The reasons you might fail a background check

The reasons you might fail a background check

One of the top questions we receive at GroupOne Background Screening is why a potential employee failed their background check. While we cannot speak for the companies utilizing our services, we can offer some advice for those hoping to have that “A+” background report.

Let’s say you navigated the treacherous interview process and landed a job offer. Congratulations! But before you make plans to meet your new coworkers and buy that cheerful plant for your office window, you’ll need to get through the final hurdle – the dreaded background check.

In today’s modern business world, the practice is becoming increasingly common, with an estimated 72 percent of employers running background checks on new employees before hiring them. While you may believe you have nothing to hide, there are several reasons why you might fail a background check and lose the dream job.

1. Criminal history
Perhaps you were convicted of a crime several years ago, but have had a clean record since. Depending upon the situation, including the severity and type of crime, a company could very well rescind its offer. Oftentimes, employers may consider moving forward depending on its relation to the business at hand.

What can you do if you have a criminal past? Be prepared to provide an explanation. Simply put – be truthful and come clean. While today’s “Ban the Box” movement is becoming commonplace, most employers will check to see if you’ve been convicted of a crime prior to the final job offer. It always pays to be honest and ask for an opportunity to explain what went wrong. But if you attempt to cover it up, you will lose out on the job.

2. Credit history
Many people believe their credit score is a personal matter having nothing to do with a potential job. This is not the case in most states, as employers are allowed to access your credit history. If you have a poor credit history, you could miss out on a job offer. If the job requires handling money and you cannot manage your own finances, how can you be expected to manage your company’s?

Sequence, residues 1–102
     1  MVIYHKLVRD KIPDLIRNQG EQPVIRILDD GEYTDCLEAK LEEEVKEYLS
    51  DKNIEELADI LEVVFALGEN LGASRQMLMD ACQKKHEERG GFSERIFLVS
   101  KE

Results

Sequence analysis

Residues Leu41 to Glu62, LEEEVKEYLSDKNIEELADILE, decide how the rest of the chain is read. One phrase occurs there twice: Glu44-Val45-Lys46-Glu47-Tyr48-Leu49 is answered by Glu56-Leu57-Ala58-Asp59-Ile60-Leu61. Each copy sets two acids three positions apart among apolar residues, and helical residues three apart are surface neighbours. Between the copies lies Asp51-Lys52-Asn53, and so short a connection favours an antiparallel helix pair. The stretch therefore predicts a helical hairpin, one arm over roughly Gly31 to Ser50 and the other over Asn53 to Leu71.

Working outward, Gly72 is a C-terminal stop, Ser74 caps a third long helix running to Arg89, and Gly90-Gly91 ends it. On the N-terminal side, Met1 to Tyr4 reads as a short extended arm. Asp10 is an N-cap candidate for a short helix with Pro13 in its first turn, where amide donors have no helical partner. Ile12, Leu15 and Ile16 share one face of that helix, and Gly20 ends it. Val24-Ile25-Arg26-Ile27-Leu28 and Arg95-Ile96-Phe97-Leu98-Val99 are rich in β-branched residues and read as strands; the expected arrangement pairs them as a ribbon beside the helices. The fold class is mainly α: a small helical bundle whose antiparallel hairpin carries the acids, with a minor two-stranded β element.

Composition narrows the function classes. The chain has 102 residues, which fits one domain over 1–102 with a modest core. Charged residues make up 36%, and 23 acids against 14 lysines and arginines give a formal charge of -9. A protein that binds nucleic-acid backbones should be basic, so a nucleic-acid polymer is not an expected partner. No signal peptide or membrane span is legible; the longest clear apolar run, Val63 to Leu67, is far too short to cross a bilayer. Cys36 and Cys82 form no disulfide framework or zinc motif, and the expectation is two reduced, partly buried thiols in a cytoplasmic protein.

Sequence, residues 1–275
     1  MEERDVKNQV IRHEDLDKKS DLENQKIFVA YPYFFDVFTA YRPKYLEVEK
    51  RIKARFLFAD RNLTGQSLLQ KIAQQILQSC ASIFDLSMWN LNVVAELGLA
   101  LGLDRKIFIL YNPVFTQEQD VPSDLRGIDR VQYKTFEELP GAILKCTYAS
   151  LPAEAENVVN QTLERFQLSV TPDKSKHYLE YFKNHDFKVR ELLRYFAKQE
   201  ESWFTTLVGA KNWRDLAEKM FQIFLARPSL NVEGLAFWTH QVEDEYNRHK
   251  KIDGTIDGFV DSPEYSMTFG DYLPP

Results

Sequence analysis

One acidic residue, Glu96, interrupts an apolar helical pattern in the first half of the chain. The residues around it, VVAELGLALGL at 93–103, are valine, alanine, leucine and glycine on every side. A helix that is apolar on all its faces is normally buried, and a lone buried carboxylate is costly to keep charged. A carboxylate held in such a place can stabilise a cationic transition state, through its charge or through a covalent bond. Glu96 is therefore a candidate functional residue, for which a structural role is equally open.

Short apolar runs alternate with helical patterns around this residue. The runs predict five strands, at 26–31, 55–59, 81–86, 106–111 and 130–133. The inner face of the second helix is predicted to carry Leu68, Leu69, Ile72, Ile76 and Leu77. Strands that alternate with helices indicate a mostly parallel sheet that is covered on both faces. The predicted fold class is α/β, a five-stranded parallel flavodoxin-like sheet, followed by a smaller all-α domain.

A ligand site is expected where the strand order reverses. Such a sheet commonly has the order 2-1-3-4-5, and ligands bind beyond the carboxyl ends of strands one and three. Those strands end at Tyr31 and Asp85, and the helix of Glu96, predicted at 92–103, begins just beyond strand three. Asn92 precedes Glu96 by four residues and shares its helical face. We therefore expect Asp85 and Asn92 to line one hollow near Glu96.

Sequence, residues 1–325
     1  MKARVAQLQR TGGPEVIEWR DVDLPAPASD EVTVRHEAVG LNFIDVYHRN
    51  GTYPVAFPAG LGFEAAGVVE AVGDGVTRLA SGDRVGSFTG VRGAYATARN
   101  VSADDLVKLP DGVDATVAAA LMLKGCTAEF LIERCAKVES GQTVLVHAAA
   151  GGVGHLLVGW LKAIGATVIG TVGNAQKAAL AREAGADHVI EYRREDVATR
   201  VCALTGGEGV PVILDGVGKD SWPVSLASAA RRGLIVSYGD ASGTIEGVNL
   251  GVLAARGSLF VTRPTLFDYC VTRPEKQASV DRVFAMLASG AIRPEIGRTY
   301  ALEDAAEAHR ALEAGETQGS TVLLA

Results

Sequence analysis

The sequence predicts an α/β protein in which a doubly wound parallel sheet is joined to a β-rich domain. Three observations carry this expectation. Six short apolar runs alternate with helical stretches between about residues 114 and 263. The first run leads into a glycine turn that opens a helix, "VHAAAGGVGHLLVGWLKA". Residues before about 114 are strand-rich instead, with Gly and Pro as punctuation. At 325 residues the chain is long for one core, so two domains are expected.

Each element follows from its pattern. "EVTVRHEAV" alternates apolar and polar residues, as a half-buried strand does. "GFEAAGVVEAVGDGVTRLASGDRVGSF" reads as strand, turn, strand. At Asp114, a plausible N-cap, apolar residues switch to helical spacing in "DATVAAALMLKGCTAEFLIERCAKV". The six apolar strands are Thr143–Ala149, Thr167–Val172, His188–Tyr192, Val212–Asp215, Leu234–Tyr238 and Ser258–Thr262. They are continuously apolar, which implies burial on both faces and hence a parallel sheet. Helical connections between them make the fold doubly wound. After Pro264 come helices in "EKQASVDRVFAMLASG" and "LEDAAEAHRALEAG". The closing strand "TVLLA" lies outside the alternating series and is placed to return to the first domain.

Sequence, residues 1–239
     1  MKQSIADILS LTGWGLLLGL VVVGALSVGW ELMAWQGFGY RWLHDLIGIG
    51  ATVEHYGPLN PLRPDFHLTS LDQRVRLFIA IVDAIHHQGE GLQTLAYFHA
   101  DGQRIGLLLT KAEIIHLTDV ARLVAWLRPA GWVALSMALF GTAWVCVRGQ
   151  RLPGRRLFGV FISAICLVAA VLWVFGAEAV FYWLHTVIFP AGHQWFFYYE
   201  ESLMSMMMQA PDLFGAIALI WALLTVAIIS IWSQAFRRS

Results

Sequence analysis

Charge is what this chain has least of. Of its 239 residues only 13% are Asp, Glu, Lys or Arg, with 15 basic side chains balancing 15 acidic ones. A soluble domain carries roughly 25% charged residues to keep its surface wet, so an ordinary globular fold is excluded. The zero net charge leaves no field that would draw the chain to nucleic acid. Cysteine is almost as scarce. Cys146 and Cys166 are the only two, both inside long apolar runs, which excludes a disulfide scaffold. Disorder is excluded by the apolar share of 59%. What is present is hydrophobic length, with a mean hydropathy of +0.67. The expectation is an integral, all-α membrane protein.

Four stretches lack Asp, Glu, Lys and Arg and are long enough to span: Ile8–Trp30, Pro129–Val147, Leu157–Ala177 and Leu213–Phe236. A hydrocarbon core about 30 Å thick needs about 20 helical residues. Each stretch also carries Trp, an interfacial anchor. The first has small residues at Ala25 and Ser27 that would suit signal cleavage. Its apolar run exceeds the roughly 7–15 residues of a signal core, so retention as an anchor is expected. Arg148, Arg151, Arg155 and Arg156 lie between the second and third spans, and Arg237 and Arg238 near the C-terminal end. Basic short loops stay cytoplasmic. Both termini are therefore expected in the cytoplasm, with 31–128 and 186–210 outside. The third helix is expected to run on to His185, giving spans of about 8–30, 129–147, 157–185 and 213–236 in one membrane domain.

It always pays to work on boosting your credit rating before the job search. If you have an average score, try paying as much outstanding debt as quickly as possible. This reduces your credit utilization ratio, which is a key factor when calculating your score. You should definitely look at your credit report to make sure it’s correct. It’s estimated as many as 20 percent of credit reports have errors. If you spot one and fix it, you’ll be less likely to lose out on a job offer.

3. Your education
Did you go to college for a few semesters, but never obtained your degree? Perhaps you skipped college altogether, but fudged your credentials on your resume? Never a good idea.

As part of your background check, employers ask us to verify your educational credentials are what you claim them to be. In fact, there is no easier way to expose a fraudulent resume than to exaggerate your education or credentials. If a company wants to hire you, but discovers you don’t, in fact, have that bachelor’s degree, a job offer will be immediately rescinded.

Don’t lie about your education. If you only attended three out of four years of college, tell the truth. If a company likes your experience, they may be willing to work with you. Sometimes a company will hire you on the condition you complete your degree within two years, perhaps even allowing you to work classes into your schedule. Always be truthful about your credentials and play up other skills and experience on your resume instead.

At GroupOne, we make it our business to verify everything on a job applicant’s resume. Background checks are so common today, a person can no longer exaggerate or “fudge” their history. If you get caught in a lie, or fail the background check, a company is far less likely to hire you. As in life, when looking for a job, always be truthful.

 

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